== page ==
6. FileEagle.com Chris
    September 17, 2015 at 9:43 am

    Thanks for your list.

  7. Fernando Scheps Serra
    September 7, 2015 at 5:21 pm

    I like SARDU which allowed me to add more ISO images afterwards by re-reading the configuration of the USB unlike Yumi which doesnt allow me to add but all the times re-formats the USB drive (unless I havent found a way to do it and its supported).

    Now I am about to test the SARDU Pro version which supports multiple Windows versions and more. Seems very cool, lets see..

    • Gilbert J.
      September 8, 2015 at 1:05 am

      I haven't had that problem with YUMI.
      I did once check out SARDU, but it came bundled with some sort of junkware, which led me to pass on it.

      • Davide Costa
        September 25, 2015 at 9:41 pm

        Hi,
        No junkware or toolbars in SARDU 3.x

  8. Pedro Mulas
    September 7, 2015 at 4:19 pm

    If Easy2Boot can cope with only half of the ISO's it claims to have tested, it certainly is the top multiboot tool. I've only tested it with a Win based image alongside a typical Ubuntu ISO, but it worked smoothly, once you adjust the pendrive contents to avoid uncontinous clusters. Easy2Boot may not be the easiest to use, but it is very powerfull, supporting just about any image deemed worthwhile (FalconFour, Sergei Strelec, any @buntu, Win installs, etc, etc.)

  9. Emil Baticulon
    September 7, 2015 at 6:05 am

    Linux Live usb creator or LiLi http://www.linuxliveusb.com/

  10. Dick Eastman
    September 6, 2015 at 5:33 pm

    Please note that all of these products are for the Windows user. There is nothing listed here for the Macintosh user.

    • Jeff
      August 18, 2016 at 8:07 pm

      Incorrect, Dick. YUMI is actually Linux.

  11. Joe Birch
    September 5, 2015 at 8:25 am

    Using Linux it is so easy with Unetbootin

  12. David Singleton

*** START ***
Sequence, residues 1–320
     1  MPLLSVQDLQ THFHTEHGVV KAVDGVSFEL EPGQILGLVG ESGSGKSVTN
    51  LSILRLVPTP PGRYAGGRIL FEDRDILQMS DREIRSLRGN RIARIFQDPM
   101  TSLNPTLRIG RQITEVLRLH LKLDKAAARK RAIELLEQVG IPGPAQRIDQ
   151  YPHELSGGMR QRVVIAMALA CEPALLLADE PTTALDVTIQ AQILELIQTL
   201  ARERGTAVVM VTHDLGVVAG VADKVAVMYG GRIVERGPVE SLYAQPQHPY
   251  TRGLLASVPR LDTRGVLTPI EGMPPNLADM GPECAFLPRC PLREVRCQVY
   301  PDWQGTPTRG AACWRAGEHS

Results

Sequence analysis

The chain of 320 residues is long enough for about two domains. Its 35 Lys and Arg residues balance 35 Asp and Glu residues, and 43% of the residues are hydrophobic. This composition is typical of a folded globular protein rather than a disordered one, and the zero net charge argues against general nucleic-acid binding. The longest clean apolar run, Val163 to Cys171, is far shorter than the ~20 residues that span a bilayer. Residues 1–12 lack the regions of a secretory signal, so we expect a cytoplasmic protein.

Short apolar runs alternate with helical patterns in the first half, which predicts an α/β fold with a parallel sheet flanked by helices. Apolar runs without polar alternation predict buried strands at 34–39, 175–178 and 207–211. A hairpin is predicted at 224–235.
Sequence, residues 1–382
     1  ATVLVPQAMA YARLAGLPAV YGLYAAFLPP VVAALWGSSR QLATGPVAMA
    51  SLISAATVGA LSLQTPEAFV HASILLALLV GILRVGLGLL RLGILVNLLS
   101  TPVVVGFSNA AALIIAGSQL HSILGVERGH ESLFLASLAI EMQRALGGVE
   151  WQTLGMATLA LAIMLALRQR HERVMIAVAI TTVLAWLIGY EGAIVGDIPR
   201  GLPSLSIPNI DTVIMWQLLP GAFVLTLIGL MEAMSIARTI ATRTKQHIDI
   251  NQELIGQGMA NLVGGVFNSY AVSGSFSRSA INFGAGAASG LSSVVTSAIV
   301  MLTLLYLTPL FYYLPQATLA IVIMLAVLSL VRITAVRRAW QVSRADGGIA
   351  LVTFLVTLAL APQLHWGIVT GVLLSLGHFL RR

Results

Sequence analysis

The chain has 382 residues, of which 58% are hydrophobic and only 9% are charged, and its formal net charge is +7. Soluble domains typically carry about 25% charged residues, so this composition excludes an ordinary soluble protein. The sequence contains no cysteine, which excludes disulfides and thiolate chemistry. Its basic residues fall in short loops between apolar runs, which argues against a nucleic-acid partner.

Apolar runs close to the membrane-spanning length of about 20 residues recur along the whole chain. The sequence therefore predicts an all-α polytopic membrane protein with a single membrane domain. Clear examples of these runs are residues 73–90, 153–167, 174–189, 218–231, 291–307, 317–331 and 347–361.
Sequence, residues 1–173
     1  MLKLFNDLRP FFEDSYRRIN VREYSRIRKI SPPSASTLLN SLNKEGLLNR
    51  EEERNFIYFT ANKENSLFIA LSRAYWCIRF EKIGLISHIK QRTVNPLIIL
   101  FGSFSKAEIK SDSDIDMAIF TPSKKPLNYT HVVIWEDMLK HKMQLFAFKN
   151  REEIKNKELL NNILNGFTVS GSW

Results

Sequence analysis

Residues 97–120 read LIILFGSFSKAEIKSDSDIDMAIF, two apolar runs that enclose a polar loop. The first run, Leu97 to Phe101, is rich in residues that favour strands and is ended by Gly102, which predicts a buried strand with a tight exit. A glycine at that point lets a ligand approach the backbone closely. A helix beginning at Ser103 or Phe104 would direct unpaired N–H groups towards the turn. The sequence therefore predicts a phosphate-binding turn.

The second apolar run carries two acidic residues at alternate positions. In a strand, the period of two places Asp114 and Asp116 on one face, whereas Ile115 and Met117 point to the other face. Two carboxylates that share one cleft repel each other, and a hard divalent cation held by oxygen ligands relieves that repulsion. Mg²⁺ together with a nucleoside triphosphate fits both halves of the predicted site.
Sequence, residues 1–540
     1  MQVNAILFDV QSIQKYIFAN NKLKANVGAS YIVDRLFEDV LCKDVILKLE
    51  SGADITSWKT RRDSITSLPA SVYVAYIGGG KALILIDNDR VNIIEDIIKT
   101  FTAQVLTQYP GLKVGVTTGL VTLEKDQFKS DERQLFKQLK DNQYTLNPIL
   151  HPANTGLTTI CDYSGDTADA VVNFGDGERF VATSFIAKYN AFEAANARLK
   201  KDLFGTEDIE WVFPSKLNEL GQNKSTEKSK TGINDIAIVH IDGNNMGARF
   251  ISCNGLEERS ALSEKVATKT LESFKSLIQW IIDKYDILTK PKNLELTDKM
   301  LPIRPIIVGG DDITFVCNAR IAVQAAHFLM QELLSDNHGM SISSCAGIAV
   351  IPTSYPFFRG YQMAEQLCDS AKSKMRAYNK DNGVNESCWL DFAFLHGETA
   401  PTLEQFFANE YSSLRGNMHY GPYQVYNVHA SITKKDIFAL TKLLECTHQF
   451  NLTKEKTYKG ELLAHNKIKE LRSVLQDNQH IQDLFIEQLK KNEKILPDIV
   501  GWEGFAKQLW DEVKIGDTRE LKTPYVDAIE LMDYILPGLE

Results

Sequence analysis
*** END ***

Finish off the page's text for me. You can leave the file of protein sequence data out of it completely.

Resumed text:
September 5, 2015 at 5:56 am

    It reads the USB then goes on to boot in windows. There is a trick of doing an advanced boot, then selecting usb, does the same thing. The only think I could get to boot properly was a Win 10 install image.

  13. Gilbert J.
    September 5, 2015 at 12:51 am

    YUMI is great for running multiple ISOs off a USB drive. I've used it for setting up USB drives with a selection of rescue tools, and for putting a selection of Linux distros on one USB for people to try them out. I've never tried using it for installing an operating system on a computer, as the instructions have this to say:
    "Important Note: YUMI was intended to be used to try to run various "LIVE Linux" Operating Systems from USB. Installing Linux from the YUMI created USB Drive to a Hard Drive is not officially supported. If the installer portion of any Live Linux distro does work, consider it a bonus."
    For installing Linux on a computer I use LinuxLive USB creator to install the ISO on a USB drive. It doesn't support multiboot USBs, but it works well for installing a single distro on a USB and for installing the OS to a computer.
    Recently Easy2Boot was recommended to me. I haven't had occasion to try it out yet, but I plan to take a look at it when I next need to set up a multiboot USB drive.

  14. David Singleton
    September 5, 2015 at 12:23 am

    I have used some of these and they do work great, but are there any newer tools to handle making a UEFI boot USB easier, rufus is supposed to do that but for me it has been hit and miss, I have a Surface Pro 3 and it is hell trying to get it to boot to USB.

    • Mihir Patkar
      September 5, 2015 at 5:46 am

      I've heard about this Surface Pro-Linux problem in the past too. What's the error you get, David? I'm curious as to what makes the Surface Pro different to other laptops/tablets in this regard.

  15. Matteo Bernardini
    September 4, 2015 at 6:58 pm

    Its good that you didnt mention UNETBootIn, as its more the time you spend thinking what is wrong when you boot up your ISO from USB after using it than anything else.

    • Mihir Patkar
      September 5, 2015 at 6:12 am

      Bwahahaha I feel your pain, Matteo, I feel your pain